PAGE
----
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Consumption Inequality and the Frequency of Purchases

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  • Olivier Coibion
  • Yuriy Gorodnichenko
  • Dmitri Koustas

Abstract

We document a decline in the frequency of shopping trips in the U.S. since 1980 and consider its implications for the measurement of consumption inequality. A decline in shopping frequency as households stock up on storable goods (i.e. inventory behavior) will lead to a rise in expenditure inequality when the latter is measured at high frequency, even when underlying consumption inequality is unchanged. We find that most of the recently documented rise in expenditure inequality in the U.S. since the 1980s can be accounted for by this phenomenon. Using detailed micro data on spending which we link to data on club/warehouse store openings, we directly attribute much of the reduced frequency of shopping trips to the rise in club/warehouse stores.

Suggested Citation

  • Olivier Coibion & Yuriy Gorodnichenko & Dmitri Koustas, 2017. "Consumption Inequality and the Frequency of Purchases," NBER Working Papers 23357, National Bureau of Economic Research, Inc.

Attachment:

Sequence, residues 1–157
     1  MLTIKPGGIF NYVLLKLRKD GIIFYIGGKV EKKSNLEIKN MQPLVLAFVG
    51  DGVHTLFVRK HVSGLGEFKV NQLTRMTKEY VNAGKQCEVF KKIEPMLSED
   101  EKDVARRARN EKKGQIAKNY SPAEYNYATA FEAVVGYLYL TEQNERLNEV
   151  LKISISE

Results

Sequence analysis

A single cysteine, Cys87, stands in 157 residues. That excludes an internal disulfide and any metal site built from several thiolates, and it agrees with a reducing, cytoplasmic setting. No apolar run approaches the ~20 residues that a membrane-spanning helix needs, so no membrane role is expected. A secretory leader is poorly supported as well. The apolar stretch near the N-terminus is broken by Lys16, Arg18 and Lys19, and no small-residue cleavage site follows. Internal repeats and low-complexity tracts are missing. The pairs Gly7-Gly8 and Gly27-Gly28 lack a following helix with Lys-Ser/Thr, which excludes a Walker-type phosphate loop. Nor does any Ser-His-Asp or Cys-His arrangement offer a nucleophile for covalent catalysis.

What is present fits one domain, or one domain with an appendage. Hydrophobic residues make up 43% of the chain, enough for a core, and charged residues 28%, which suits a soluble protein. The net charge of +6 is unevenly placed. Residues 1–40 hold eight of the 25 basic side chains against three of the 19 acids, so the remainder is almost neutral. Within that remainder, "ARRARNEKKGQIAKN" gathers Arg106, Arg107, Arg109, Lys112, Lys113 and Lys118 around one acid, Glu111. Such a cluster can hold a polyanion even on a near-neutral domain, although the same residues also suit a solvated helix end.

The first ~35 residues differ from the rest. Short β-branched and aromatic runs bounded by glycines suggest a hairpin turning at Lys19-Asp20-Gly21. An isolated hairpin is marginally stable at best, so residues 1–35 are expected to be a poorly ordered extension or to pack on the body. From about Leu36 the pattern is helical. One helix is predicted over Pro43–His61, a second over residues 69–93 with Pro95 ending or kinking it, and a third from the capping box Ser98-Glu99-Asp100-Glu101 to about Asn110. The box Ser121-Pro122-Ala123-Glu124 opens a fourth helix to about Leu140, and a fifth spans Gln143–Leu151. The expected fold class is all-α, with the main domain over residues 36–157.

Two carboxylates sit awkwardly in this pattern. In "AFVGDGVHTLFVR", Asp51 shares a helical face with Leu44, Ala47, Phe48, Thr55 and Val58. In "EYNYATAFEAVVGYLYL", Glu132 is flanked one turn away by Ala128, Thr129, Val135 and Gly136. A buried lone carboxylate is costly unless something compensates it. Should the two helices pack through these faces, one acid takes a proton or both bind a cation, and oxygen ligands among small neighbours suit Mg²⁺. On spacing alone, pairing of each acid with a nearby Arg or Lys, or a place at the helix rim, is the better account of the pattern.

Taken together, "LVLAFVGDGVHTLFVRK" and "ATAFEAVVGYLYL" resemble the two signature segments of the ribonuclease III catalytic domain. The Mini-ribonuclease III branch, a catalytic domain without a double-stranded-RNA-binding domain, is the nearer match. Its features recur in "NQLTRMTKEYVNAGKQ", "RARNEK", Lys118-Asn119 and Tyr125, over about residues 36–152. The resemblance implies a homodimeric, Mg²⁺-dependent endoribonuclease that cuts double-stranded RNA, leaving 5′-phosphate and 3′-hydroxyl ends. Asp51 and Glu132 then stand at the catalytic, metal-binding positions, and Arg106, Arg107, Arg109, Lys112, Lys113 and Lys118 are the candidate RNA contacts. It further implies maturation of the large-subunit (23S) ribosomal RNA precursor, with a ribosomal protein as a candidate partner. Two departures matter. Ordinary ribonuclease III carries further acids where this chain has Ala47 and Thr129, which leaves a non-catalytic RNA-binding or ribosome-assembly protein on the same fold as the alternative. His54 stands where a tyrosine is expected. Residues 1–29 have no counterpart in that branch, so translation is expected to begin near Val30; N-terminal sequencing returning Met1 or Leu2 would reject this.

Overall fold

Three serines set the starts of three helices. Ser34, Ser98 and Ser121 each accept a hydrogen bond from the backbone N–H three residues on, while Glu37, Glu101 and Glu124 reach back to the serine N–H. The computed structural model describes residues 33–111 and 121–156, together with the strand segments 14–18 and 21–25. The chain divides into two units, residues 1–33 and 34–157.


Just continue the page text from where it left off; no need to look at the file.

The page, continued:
• Handle: RePEc:nbr:nberwo:23357
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    References listed on IDEAS

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    1. Dirk Kreuger & Fabrizio Perri, 2002. "Does Income Inequality Lead to Consumption Inequality? Evidence and Theory," Working Papers 02-15, New York University, Leonard N. Stern School of Business, Department of Economics.
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    Cited by:

    1. Erich Battistin & Lorenzo Neri, 2017. "School Performance, Score Inflation and Economic Geography," Working Papers 837, Queen Mary University of London, School of Economics and Finance.
    2. repec:eee:moneco:v:88:y:2017:i:c:p:70-89 is not listed on IDEAS

    More about this item

    JEL classification:

    • D31 - Microeconomics - - Distribution - - - Personal Income and Wealth Distribution
    • D63 - Microeconomics - - Welfare Economics - - - Equity, Justice, Inequality, and Other Normative Criteria and Measurement
    • E21 - Macroeconomics and Monetary Economics - - Consumption, Saving, Production, Employment, and Investment - - - Consumption; Saving; Wealth

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